The employee should sign and acknowledge the policy, handbook, agreement, contract, or other document specifying and outlining the paid leave policy, including those provisions set forth in a collective bargaining agreement.

Existing contracts, policies, handbooks, collective bargaining agreements, or other agreements that match or exceed the paid leave requirements of SB 312 but have a waiting period to utilize the leave would still be exempt under Section 1 – Subdivision 8(a). However, it is recommended that employers recognize the intent of SB 312 to have paid leave available after 90 days of employment.

Many employers already offer sick leave or other types of paid leave before 90 days of employment or after 90 days of employment that match or exceed the requirements of SB 312, and this would satisfy the intent of the exemption in Section l – Subdivision 8(a).

A “Benefit Year” means a 365-day period used by an employer when calculating the accrual of paid leave,” and should be considered to start the day the employee starts employment.

Leave can be “front-loaded” at the beginning of the Benefit Year or accrue over a Benefit Year pursuant to a policy, handbook, agreement, contract, or collective bargaining agreement, and does not have to be paid out unless that is part of the policy, handbook, agreement, contract, or collective bargaining agreement.

Leave may be rolled over but can be limited to 40 hours per Benefit Year.

If leave is “paid out” pursuant to a policy, handbook, agreement, contract, or collective bargaining agreement, it does not have to be reinstated.

Higher amounts of leave can always be offered to hourly employees, exempt, or salary employees pursuant to a contract, handbook, policy, agreement, or collective bargaining agreement.

The notice requirements for leave under the Family Medical and Leave Act (FMLA) and the other requirements of FMLA would still be applicable to FMLA leave.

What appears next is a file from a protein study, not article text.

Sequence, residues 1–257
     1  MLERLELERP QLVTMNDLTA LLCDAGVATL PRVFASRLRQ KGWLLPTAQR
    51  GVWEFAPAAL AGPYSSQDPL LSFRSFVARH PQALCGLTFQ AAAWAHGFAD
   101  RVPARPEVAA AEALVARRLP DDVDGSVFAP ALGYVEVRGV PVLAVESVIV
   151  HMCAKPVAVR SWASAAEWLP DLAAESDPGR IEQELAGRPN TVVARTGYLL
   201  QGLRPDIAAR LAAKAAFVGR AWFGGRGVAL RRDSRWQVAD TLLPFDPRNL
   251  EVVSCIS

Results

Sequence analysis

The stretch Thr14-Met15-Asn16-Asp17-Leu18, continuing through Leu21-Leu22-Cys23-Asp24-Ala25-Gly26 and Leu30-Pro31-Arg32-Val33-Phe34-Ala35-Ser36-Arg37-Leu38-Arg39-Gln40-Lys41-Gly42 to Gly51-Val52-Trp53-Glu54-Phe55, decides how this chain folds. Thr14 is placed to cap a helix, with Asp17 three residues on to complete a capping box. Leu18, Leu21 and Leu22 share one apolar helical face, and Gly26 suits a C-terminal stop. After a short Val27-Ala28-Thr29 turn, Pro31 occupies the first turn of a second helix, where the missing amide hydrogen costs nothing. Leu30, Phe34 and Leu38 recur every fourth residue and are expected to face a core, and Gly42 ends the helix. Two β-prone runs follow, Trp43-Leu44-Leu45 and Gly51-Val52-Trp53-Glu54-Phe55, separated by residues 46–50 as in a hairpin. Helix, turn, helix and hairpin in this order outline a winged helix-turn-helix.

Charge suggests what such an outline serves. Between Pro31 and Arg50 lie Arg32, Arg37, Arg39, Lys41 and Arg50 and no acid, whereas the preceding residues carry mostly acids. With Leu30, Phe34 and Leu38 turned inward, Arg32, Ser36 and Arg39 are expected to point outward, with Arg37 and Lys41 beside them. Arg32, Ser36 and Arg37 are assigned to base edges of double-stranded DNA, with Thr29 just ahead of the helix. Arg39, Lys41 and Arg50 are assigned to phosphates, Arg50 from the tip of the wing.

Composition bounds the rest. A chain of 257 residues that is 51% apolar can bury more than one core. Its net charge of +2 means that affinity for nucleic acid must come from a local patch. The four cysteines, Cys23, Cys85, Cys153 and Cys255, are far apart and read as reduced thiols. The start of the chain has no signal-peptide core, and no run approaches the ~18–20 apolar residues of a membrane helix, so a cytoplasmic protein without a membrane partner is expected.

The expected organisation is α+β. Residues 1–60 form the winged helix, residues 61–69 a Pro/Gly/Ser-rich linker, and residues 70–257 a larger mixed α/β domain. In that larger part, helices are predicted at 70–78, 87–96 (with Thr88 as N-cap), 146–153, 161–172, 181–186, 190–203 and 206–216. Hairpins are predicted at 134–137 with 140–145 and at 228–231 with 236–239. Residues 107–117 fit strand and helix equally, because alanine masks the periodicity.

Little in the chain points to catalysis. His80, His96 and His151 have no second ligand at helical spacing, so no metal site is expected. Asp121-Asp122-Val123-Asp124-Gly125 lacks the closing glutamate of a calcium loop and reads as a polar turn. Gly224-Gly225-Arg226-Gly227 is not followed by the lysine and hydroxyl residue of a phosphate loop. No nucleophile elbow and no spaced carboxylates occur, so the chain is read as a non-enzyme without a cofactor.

Collective Bargaining Agreements (CBA ‘s), mainly those involving trade, construction, and labor organizations, that have been negotiated or are being negotiated that have current and/or existing language that offer, or previously offered leave that matches or exceeds the requirements of SB 312, but have been modified to provide for a vacation bank/fund, savings plan, vacation plan/vacation savings plan, or other leave plan, or that instead offer the leave to be paid as part of the collective bargaining agreement are exempt from the new requirements of SB 312 based on the exemption in Section l – Subdivision 8(a).

Because of the exemption for existing contracts, policies, handbooks, collective bargaining agreements, or other agreements, the new record-keeping requirements of SB312 would not apply. However, it is recommended that employers maintain basic compliance with Nevada Revised Statutes (NRS) Section 608.115. In addition. tracking the accrual of leave, leave taken by employees. hours worked. rates of pay. and other basic employee information is an essential and necessary part of the employee/employer relationship.

While not strictly required and/or enforced by the Labor Commissioner, it is recommended that there be some basic record keeping for Salary/Exempt or Executive employees showing that they are entitled to or are receiving leave that matches or exceeds the requirements of SB 312.

Recommendations Regarding the Section 1 – Subdivision 8(a) Exemption

Employers should review their policies, handbooks, contracts, agreements, and collective bargaining agreements to ensure that they offer paid leave that matches or exceeds the 0.01923 hours of paid leave per hour of work performed and consider the intent of SB 312 to offer leave after 90 days of employment. For Employers who do not currently offer paid leave that matches or exceeds the 0.01923 hours of paid leave per hour of work performed pursuant to a policy, handbook, contract, agreement, or collective bargaining agreement

IT IS RECOMMENDED THAT THEY DEVELOP A POLICY, HANDBOOK, COLLECTIVE BARGAINING AGREEMENT(S) TO OFFER A PAID LEAVE POLICY THAT MATCHES OR EXCEEDS THE REQUIREMENTS OF SB 312 PRIOR TO JANUARY 1, 2020.

Question #2: Does the intent, language, and exemptions set forth in Section 1 – Subdivision S(b) apply to temporary, seasonal, or on-call employees, and what are the definitions of temporary, seasonal, or on-call employees?

Answer: Yes. The intent and plain and unambiguous language of Section 1- Subdivision S(b) clearly provides that temporary, seasonal, or on-call employees are exempt from the requirements of SB 312.

Things to Consider with the Section 1 Subdivision 8(b) Exemption

A “Temporary Employee” would be an employee who works less than 90 days on an occasional or temporary basis whether they are paid by the employer or a Private/Temporary Employment Agency, Training School, or Training Center.

A “Seasonal Employee” would be an employee who typically works less than 90 days and/or who is hired for a specific season. For example, pool staff and lifeguards hired for the summer season, ski workers employed at a ski resort for the ski season, or staff hired during the holiday season.